There's a bit of subtlety investors should take note of when understanding Delta's creditworthiness vis-a-vis the clean balance sheets of Alaska Airlines and Southwest Airlines. In addition to its long-term debt load of $10.1 billion, the company carries another $11.5 billion of long-term pension and post-retirement liabilities. So its total long-term liabilities are disproportionately large relative to its capital.
|Balance Sheet Items||ALK||LUV||DAL|
|Total long-term liabilities||$2,240||$6,664||$24,831|
|Debt to capital||27.01%||26.89%||45.19%|
|Total long-term liabilities to capital||73.35%||65.58%||110.68%|
While Alaska and Southwest maintain total long-term liabilities of less than 75% of total capital, Delta's long-term liabilities actually exceed its total capital base.
Times interest earned
Times interest earned is another useful ratio that addresses the number of times a company can cover the interest payments on its debt. Like the debt-to-capital ratio, this metric probes a company's solvency. It's a measure of balance sheet strength, and is one of the ratios a shareholder should apply to test the proposition that a corporation holds "an investment grade balance sheet." The primary formula is earnings before interest and taxes, or EBIT, divided by interest payable on debt. Delta sports a positive "TIE" ratio, and shows the ability to meet interest payments six times over from earnings:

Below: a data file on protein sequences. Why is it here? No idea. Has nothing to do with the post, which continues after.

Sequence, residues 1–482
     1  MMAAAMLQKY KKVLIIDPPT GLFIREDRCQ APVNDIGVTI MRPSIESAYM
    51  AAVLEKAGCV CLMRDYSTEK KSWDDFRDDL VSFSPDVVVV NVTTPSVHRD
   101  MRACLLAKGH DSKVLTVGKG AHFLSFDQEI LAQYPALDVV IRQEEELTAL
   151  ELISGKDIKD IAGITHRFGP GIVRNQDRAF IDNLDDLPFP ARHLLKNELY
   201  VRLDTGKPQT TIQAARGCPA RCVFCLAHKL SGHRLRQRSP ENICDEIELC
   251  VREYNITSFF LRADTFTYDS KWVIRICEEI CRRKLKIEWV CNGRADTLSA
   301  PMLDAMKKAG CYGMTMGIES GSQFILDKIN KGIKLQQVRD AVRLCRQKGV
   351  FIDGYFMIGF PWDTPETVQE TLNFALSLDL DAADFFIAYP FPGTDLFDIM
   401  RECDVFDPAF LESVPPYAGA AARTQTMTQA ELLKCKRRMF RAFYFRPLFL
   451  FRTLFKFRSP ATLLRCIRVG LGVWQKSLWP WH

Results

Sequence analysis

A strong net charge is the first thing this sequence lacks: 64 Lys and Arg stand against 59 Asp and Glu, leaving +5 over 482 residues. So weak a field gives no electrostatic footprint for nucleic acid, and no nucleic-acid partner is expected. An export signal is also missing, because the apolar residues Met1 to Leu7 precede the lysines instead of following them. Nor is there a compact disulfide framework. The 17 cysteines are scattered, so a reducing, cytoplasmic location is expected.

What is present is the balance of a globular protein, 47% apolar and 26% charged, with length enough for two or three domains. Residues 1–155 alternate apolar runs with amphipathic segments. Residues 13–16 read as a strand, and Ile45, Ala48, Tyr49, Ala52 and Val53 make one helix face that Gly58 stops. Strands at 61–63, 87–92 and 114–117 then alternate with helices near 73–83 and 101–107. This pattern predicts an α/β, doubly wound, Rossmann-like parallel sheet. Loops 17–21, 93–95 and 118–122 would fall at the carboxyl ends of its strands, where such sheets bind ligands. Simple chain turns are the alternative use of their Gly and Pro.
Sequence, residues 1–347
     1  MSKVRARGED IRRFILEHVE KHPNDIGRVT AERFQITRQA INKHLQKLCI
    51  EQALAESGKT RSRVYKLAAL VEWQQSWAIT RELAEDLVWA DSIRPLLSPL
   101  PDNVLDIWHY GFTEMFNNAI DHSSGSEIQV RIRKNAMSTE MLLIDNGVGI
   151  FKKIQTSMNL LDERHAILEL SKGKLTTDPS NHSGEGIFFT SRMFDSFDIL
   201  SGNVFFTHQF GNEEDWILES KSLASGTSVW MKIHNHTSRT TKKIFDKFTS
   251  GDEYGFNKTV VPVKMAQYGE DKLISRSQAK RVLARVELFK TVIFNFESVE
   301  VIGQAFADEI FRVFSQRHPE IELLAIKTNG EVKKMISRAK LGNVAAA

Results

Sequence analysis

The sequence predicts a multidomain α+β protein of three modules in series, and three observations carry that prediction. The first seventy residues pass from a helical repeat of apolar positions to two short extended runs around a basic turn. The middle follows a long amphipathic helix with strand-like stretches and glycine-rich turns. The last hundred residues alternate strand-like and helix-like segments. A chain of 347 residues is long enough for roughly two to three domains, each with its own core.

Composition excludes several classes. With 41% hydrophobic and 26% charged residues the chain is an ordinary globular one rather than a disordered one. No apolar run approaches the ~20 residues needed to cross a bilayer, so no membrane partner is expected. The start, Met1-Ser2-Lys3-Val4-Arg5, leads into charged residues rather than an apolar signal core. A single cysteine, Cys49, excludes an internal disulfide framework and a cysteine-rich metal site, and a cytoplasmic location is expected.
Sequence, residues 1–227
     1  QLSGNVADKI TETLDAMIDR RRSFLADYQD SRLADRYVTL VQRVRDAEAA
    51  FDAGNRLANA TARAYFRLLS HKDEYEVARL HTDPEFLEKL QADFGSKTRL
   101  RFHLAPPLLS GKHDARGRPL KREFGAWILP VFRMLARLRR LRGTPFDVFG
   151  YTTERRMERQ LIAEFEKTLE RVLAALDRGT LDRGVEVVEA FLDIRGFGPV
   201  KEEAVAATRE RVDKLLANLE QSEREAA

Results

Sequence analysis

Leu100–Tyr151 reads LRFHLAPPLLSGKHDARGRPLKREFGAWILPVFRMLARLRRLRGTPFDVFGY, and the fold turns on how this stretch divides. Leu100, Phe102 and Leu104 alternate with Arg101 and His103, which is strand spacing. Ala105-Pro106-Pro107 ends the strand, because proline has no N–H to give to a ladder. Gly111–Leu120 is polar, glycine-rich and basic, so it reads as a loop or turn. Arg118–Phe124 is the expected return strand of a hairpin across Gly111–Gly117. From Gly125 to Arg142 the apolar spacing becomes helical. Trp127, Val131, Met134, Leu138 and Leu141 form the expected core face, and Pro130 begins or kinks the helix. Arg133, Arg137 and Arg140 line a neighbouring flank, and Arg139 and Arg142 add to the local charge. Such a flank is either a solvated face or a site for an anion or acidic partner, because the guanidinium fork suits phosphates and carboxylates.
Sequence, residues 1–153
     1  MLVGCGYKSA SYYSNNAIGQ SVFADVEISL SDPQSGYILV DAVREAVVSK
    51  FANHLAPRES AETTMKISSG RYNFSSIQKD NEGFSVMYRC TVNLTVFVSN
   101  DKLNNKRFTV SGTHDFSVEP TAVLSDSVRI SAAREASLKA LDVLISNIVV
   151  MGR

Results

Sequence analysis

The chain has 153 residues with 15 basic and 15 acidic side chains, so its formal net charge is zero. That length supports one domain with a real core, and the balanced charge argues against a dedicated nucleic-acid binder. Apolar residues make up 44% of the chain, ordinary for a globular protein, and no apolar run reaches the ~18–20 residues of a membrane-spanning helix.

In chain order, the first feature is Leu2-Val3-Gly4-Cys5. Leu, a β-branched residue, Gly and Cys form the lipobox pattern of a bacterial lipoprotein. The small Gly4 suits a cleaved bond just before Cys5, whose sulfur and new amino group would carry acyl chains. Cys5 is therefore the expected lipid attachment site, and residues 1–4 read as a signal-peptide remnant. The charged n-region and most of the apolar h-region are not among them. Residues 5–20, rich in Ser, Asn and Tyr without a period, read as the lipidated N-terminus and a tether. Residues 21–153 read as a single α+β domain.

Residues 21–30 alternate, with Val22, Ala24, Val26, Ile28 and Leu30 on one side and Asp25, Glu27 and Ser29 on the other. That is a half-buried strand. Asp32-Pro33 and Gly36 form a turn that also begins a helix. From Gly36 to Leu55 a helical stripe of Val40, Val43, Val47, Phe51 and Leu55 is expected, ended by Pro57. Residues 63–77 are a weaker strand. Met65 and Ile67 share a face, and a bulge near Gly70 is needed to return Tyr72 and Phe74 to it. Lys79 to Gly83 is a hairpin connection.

Again, compared to its investment grade competitors, Delta needs to show a bit more improvement. Southwest can meet its interest obligations 20 times over, and Alaska has an EBIT equal to 81 times interest payments. Alaska's extremely high ratio can be taken as both a marker of its success in debt reduction over the last five years as well as an indication that its balance sheet has capacity for additional leverage at present.
Efficiency: Operating cash to assets
Finally, we may want to review a business performance measure, operating cash to assets. This metric is simply operating cash flow divided by total net assets, and measures operational efficiency. Relating the balance sheet to the statement of cash flows, the equation gives investors a thumbnail gauge of how proficiently a corporation generates cash flow from its assets.
Operating cash to assets is effective when you're comfortable with a company's potential to meet debt obligations but want further comfort regarding its ability to produce cash flows into the future. As has been the pattern with the other metrics we've reviewed, all three airlines show admirable performance on this count, but Delta needs to gain on its rivals in the coming years. Note: The "CFO" in the chart legend refers to "cash from operations" -- it's the same as operating cash flow:
First deserve, then desire
Delta Airlines is a mature business with solid profitability and enticing growth prospects. It has a relatively young fleet, and shows increasing ancillary revenue -- the non-ticketing revenue that often brings the highest margin to an airline's bottom line. From the slide shown at the outset of this article it's clear that Delta has restructured its business quite efficiently post-bankruptcy, setting immediate goals to outpace S&P industrial companies in earnings per share, or EPS, and return on invested capital, or ROIC.
However, from a review of just a few important metrics, it's also apparent that Delta doesn't deserve an investment grade credit rating -- yet. If the company continues to pay down its debt and control its post-retirement benefits, it will reach investment grade status soon, perhaps in late 2015 or early 2016. At the moment, however, bondholders are correct to charge a bit of a premium when lending to the carrier.